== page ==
Contact: Beth Casteel, firstname.lastname@example.org, 240-328-4549CHICAGO (March 26, 2012) — Coronary atherosclerosis – a hardening of the arteries due to a build-up of fat and cholesterol – can lead to heart attacks and other forms of coronary heart disease (CHD). Lowering low-density lipoprotein (LDL), or “bad” cholesterol, reduces the risk of CHD, and researchers found that lowering LDL beginning early in life resulted in a three-fold greater reduction in the risk of CHD than treatment with a statin started later in life, according to research presented today at the American College of Cardiology’s 61st Annual Scientific Session. The Scientific Session, the premier cardiovascular medical meeting, brings cardiovascular professionals together to further advances in the field.
By the time most people begin treatment to lower LDL, CHD has often been quietly developing for decades. Because coronary atherosclerosis begins early in life, lowering LDL at a younger age may produce even greater reductions in the risk of CHD. Researchers sought to test this hypothesis by using genetic data to conduct a series of “natural” randomized controlled trials involving over one million study participants.
“Our study shows that the benefit of lowering LDL cholesterol depends on both the timing and the magnitude of LDL reduction,” said Brian A. Ference, MD, MPhil, MSc, FACC, director of the cardiovascular genomic research center at Wayne State University School of Medicine and the study’s principal investigator. “The increased benefit of lowering LDL beginning early in life appeared to be independent of how LDL was lowered. This means that diet and exercise are probably as effective as statins or other medications at reducing the risk of CHD when started early in life.”
Lowering LDL cholesterol at an early age, before the development of atherosclerosis, would understandably be more effective at reducing heart attacks, but testing this hypothesis has proven difficult. A conventional randomized trial would have to follow a very large number of young, asymptomatic people for several decades to test this hypothesis. As an alternative, researchers used a novel study design called a Mendelian randomized controlled trial (mRCT) to study the effect of nine single-nucleotide polymorphisms (SNPs), or single-letter changes in DNA sequence, each of which is associated with lower levels of LDL cholesterol. Because each of these SNPs is allocated randomly at the time of conception, inheriting one of these SNPs is like being randomly allocated to a treatment that lowers LDL cholesterol beginning at birth. The researchers found that all nine SNPs were associated with a consistent 50-60 percent reduction in the risk of CHD for each 1 mmol/L (38.67 mg/dl) lower lifetime exposure to LDL cholesterol. Lowering LDL by 2 mmol/L (77.34 mg/dl) could reduce the risk of CHD by almost 80 percent.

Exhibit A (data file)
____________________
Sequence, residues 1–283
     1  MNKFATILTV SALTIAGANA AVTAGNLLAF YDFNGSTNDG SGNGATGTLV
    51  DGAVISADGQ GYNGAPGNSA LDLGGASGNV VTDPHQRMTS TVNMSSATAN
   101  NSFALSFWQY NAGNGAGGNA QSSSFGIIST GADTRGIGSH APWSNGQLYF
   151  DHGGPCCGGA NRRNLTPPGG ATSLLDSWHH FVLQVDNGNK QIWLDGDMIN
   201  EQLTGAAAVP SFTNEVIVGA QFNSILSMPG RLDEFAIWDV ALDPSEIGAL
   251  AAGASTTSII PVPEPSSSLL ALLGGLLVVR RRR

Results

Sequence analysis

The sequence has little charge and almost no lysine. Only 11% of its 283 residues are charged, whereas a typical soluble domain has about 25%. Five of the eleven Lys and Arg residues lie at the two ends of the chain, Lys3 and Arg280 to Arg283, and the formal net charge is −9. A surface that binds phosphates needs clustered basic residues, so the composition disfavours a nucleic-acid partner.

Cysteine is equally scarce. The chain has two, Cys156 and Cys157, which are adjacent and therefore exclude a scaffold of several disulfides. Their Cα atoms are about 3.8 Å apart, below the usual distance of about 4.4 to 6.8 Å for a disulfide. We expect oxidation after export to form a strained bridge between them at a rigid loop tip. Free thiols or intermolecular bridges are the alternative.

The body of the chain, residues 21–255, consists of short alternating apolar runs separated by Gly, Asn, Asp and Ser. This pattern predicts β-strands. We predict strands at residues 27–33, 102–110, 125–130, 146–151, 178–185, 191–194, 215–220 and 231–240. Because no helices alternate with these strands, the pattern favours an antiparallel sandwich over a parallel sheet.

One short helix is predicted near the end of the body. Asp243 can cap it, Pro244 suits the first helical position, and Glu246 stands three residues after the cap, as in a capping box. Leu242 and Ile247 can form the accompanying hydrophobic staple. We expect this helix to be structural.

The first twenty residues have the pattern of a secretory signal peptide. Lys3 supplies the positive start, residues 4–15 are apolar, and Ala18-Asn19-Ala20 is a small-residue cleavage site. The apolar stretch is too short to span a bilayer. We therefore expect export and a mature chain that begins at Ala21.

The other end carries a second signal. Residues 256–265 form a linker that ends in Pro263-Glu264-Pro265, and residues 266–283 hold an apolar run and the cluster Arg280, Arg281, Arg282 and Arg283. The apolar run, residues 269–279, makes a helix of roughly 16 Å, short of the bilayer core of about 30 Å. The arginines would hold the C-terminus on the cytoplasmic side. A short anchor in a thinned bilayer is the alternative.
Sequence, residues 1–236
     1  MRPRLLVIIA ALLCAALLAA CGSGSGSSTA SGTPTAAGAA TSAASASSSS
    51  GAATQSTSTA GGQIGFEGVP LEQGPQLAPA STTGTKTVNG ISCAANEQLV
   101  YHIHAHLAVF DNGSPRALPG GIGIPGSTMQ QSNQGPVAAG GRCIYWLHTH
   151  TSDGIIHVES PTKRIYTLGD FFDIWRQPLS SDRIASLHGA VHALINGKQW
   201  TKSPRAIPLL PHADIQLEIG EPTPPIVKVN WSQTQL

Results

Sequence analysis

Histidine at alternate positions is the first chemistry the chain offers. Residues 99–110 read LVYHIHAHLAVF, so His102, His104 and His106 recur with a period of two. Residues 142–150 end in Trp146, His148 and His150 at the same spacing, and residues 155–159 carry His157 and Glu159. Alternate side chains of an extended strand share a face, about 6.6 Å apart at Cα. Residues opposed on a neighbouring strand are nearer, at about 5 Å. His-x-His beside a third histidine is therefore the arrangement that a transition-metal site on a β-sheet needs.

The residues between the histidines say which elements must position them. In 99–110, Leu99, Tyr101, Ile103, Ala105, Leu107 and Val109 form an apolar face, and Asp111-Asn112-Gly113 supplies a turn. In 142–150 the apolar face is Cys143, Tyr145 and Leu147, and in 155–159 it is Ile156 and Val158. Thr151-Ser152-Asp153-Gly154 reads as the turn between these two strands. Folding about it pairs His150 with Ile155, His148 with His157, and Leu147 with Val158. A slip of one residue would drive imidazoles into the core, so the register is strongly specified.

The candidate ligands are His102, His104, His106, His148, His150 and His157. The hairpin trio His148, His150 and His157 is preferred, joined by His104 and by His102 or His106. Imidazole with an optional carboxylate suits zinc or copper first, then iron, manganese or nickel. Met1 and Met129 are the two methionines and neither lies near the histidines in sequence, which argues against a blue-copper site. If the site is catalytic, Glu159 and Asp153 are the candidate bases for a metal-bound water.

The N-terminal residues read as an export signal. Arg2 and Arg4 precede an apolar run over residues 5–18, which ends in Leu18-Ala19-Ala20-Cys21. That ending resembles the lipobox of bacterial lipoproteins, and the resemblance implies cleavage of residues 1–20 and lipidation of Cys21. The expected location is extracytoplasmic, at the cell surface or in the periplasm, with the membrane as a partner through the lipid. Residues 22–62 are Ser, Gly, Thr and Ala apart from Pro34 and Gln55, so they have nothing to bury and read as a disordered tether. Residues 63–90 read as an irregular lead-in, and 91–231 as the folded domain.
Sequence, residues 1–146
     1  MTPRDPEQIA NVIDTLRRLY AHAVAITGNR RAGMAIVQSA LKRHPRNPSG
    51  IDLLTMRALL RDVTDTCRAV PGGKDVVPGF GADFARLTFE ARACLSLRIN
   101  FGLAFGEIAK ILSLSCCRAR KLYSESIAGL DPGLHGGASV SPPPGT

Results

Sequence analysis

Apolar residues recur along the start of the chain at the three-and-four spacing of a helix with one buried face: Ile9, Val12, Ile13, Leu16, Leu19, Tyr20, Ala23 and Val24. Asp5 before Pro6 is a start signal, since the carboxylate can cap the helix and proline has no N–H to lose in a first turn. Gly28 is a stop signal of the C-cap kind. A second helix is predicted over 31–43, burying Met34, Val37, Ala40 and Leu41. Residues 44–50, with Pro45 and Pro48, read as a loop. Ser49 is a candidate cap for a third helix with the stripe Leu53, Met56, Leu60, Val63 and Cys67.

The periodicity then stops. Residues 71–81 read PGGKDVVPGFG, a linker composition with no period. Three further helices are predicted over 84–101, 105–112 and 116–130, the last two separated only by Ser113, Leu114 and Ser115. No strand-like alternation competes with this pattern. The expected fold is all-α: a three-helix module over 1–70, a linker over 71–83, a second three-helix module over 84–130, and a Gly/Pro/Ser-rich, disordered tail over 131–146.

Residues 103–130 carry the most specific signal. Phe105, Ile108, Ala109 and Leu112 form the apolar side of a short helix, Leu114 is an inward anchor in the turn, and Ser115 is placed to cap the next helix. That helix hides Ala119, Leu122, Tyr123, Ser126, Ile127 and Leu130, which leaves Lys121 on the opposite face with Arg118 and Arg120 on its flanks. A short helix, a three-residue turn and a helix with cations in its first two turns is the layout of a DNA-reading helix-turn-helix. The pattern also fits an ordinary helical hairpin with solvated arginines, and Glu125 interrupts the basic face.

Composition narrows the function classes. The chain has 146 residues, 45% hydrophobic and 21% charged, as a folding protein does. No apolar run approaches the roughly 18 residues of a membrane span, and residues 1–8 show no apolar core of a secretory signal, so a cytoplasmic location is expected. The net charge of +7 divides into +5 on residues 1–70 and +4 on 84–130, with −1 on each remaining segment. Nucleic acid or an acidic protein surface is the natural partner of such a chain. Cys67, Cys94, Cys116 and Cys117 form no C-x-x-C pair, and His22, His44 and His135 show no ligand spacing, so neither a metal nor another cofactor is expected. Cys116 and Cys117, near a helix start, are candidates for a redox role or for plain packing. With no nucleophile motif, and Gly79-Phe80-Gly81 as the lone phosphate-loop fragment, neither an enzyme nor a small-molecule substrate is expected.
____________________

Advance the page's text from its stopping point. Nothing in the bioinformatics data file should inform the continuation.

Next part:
“The results of our study demonstrate that the clinical benefit of lowering LDL can be substantially improved by initiating therapies to lower LDL cholesterol beginning early in life,” Dr. Ference said.
Coronary heart disease is the most common cause of death and disability throughout the world. Treatment of CHD and its risk factors is costly and consumes a large proportion of health care expenditures. Dr. Ference believes that the results of this study suggest that focusing on prolonged and sustained reductions in LDL cholesterol beginning early in life has the potential to substantially reduce the global burden of CHD.
Dr. Ference reports no conflicts of interest.
Dr. Ference will be available to the media on Monday, March 26 at 12:15 p.m. in Media Room 1, McCormick Place N, Level 1, Hall C1.
Dr. Ference will present the study “A Mendelian Randomized Controlled Trial of Long Term Reduction in Low-Density Lipoprotein Cholesterol Beginning Early in Life” on Monday, March 26 at 10:30 a.m. in McCormick Place North: Main Tent.
About the American College of Cardiology
The American College of Cardiology (www.cardiosource.org) is a 40,000-member nonprofit medical society comprised of physicians, surgeons, nurses, physician assistants, pharmacists and practice managers. The College transforms cardiovascular care and improves heart health as it supports and advocates for quality improvement, patient-centered care, payment innovation and professionalism. The ACC bestows credentials upon cardiovascular specialists who meet its stringent qualifications and leads the formulation of health policy, standards and guidelines. It provides professional education, supports and disseminates cardiovascular research, and operates national registries to measure and promote quality.
The ACC’s Annual Scientific Session brings together cardiologists and cardiovascular specialists from around the world each year to share the newest discoveries in treatment and prevention.